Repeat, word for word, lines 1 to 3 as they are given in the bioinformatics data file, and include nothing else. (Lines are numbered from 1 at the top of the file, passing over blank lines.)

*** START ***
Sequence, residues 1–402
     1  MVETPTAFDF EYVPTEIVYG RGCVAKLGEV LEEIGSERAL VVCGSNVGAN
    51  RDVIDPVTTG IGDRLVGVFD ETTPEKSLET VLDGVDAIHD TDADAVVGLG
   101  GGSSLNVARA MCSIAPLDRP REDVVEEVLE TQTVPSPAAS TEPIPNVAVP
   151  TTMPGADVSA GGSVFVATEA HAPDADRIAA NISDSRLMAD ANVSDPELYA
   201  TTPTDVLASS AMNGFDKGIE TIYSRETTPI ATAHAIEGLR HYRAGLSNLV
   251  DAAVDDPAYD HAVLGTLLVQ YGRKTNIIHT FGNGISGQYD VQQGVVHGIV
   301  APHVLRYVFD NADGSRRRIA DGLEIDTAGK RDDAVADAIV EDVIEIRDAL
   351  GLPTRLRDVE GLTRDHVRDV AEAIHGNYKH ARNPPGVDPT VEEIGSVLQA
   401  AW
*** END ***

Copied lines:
Sequence, residues 1–402
     1  MVETPTAFDF EYVPTEIVYG RGCVAKLGEV LEEIGSERAL VVCGSNVGAN
    51  RDVIDPVTTG IGDRLVGVFD ETTPEKSLET VLDGVDAIHD TDADAVVGLG